Lincsbear saidI remember an article years ago about the Lord`s Prayer viewed from the three Abrahamic faiths.
The only line muslims and Jews would apparently dissent on was the 'God the father, son, and Holy Ghost' one since they believe in a single, undivided god rather than a Trinitarian one.
I believe you are mistaken as there is no mention of the Son and Holy Spirit in the Lord's Prayer.
As a Unitarian I do not no believe in the Holy Trinity - in fact I believe it's a load of hocum! Jesus was a human being, a fully mortal man, not God. He was a great prophet, teacher, leader, moral guide but certainly not God and certainly should not be "worshipped and glorified" as to worship someone/thing which is not God is blasphemy! (thou shalt have no other Gods....)
Unitarians beieve revelation to be ongoing: the Bible is not God's final word and God is still speaking through the words and deeds of prophetic men and women, artists, scientists, musicians.... instead of asking a legalistic question "what does the bible say" we ask "what is GOd trying to say now" and "what is Love trying to say" hence Untiarians together with Quakers taking a great part in changing the law re. Gay Marriage.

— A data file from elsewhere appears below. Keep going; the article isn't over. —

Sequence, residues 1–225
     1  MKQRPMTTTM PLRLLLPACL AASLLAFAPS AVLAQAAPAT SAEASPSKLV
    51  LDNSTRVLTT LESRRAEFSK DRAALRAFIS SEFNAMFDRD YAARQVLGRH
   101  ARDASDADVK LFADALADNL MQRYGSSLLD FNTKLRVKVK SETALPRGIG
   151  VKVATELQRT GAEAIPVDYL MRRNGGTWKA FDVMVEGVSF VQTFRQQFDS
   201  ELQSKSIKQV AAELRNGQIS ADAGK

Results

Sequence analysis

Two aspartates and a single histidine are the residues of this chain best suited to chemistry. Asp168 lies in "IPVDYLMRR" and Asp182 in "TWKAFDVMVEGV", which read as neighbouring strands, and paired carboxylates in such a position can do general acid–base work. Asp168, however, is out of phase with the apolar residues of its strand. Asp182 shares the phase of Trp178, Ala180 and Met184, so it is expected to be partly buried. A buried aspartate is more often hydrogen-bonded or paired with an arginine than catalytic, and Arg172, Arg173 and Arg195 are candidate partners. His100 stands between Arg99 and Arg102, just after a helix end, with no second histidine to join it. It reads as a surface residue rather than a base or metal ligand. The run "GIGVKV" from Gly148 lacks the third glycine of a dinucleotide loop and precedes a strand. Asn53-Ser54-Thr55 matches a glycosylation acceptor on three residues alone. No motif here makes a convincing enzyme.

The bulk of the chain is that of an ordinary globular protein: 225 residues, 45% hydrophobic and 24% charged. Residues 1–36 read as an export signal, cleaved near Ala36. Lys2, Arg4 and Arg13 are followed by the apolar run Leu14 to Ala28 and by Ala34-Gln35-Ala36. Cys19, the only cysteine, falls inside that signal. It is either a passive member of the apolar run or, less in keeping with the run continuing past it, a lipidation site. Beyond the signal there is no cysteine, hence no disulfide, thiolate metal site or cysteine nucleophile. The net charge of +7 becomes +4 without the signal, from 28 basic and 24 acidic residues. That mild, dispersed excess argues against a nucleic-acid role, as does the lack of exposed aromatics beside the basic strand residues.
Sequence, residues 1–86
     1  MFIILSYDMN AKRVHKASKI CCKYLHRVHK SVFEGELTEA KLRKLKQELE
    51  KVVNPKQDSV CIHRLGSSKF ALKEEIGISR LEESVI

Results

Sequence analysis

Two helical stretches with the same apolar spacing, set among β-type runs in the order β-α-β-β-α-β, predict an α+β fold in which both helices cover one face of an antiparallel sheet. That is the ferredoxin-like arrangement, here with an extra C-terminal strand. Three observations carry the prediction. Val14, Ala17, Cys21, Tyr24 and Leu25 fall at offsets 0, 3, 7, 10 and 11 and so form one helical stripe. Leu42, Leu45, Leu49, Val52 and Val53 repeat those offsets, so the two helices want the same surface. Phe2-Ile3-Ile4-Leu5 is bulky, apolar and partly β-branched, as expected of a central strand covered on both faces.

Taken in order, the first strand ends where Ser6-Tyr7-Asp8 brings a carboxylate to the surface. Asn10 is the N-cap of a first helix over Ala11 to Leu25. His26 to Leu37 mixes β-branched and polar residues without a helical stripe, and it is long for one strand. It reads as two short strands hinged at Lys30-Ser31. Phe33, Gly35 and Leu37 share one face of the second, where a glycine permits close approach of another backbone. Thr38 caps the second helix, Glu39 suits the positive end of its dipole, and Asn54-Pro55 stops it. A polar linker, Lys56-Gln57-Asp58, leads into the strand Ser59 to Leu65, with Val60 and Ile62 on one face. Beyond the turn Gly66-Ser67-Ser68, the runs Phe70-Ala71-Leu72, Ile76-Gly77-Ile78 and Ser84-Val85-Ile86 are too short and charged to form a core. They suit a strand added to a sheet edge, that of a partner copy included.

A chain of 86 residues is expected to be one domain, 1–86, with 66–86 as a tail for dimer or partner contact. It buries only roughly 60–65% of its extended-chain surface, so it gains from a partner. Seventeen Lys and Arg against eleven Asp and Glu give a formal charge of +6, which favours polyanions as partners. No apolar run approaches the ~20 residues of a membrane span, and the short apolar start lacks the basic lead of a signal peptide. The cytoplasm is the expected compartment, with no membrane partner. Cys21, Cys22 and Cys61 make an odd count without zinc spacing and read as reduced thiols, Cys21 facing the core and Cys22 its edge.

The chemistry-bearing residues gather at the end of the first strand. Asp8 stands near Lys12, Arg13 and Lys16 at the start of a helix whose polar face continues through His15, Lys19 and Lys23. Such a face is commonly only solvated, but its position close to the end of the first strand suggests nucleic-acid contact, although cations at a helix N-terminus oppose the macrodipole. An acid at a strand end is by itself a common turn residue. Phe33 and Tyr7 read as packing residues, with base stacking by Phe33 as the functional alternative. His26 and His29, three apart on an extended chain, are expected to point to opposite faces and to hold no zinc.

The Holy Trinity is not mentioned anywhere in the Lord's Prayer, and, since Jesus was a Jew, it's a Jewish prayer - so why would it have the Trinity in it? (I really hate it when Trintiarians add the Gloria to the end of Psalms- Jewish hymns - I find it revolting cultural superiority).
The bible is a book, written by men (species and sex) for men (species and sex) over hundreds of years in differant times and places and cultures. Of course it's fallible and contains contradictions, error, myth but also a grain of truth, too. It's not a very nice book. The Old Testament is full of war and fighting; Revelation is a terrifying apocalyptic nightmare. But, was a Unitarian Christian when I read it what I look for is Love. Where is the love. Not, where is the sword, the fighting, the anger.
Of course, differant denominations interpret the bible differantly, from being literally true, the actual literal revelation of God (the Word made words, so to speak - which isn't a traditional or mainstream Christian theology) to "it's just a book..." For everyone person who reads a book - any book- you will always get a differant understanding and view....it's how you interpret it (personally, culturally...how you've been told to) which also influences but crucially how you act upon it. It's one thing to read a passage in the Old Testament about war and fighting and killing the non-believer, stoning gays or adulterers, it's a nother entirely to acting upon it.